Tonight, my words are few.

I’m aching and weary in my body from sleeping in a tent all weekend. I’m aching and weary in my soul from allowing myself a little bit of space and time to feel the magnitude of loss and uncertainty stirred up by our recent transition.

But I’m also reminded that my word for this year is redemption. All things new. And sometimes in order for all things to be made new, some things have to die. Isn’t that the lesson the seasons teach us? Isn’t autumn about the beauty of releasing the dead things, to lay down the burden in preparation for deep rest and new life?

So tonight, I offer you the words I am whispering to myself: Choose hope. Even in the dark, even in the land of question marks, choose hope. And keep your eyes open for redemption.

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Day 10: Rest Days (31 Days of Simple Truths)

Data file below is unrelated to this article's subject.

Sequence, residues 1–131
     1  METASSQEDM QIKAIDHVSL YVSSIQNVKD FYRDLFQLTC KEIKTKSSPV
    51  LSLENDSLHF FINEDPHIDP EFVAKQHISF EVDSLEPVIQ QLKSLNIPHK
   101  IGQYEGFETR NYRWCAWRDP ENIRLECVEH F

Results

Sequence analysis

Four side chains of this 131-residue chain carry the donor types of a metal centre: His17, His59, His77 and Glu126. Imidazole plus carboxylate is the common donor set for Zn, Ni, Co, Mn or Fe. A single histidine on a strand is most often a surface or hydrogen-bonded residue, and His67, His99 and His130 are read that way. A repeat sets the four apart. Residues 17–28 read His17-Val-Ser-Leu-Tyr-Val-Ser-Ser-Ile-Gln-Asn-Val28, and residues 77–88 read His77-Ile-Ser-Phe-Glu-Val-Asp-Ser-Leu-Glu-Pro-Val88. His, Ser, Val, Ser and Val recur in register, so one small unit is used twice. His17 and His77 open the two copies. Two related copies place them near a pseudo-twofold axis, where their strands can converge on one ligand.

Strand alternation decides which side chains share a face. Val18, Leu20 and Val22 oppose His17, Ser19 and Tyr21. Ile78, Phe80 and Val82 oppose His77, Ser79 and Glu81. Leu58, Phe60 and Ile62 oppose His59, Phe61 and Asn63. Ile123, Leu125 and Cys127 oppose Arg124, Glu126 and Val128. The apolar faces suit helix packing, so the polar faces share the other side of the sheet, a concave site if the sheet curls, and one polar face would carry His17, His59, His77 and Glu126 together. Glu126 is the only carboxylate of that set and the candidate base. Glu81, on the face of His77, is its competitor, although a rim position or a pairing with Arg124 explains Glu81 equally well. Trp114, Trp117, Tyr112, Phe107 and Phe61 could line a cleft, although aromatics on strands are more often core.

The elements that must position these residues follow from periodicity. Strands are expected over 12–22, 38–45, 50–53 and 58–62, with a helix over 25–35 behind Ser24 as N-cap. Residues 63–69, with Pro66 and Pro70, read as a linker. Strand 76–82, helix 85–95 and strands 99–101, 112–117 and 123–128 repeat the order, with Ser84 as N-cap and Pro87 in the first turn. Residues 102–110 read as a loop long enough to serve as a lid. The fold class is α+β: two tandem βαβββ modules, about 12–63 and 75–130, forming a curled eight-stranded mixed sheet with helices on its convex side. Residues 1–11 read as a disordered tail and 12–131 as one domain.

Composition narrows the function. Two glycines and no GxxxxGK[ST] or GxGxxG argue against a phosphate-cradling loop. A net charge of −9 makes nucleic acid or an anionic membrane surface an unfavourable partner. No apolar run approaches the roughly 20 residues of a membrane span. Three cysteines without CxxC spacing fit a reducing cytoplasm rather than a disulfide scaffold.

Image Source: Unsplash

Image Source: Unsplash

All my life, I heard about the importance of a Sabbath rest – a weekly day set aside for rest, but I never regularly experienced this bliss until just over a year ago.

We started going to church on Saturday nights, something I previously thought would feel weird. I was so wrong. It was the complete opposite of weird. It was perfect.

What used to happen was that Saturday was for catching up on all the things that hadn’t been done all week: grocery shopping, house cleaning, errand running, etc. Then, Sunday was spent at church. And then it was Monday, and I was constantly tired. Maybe church is restful for some people. I don’t know. And I’m not suggesting that I didn’t like going to church. But it was a scheduled thing, somewhere you needed to be, and in my case, a place where I still had responsibilities and expectations to meet.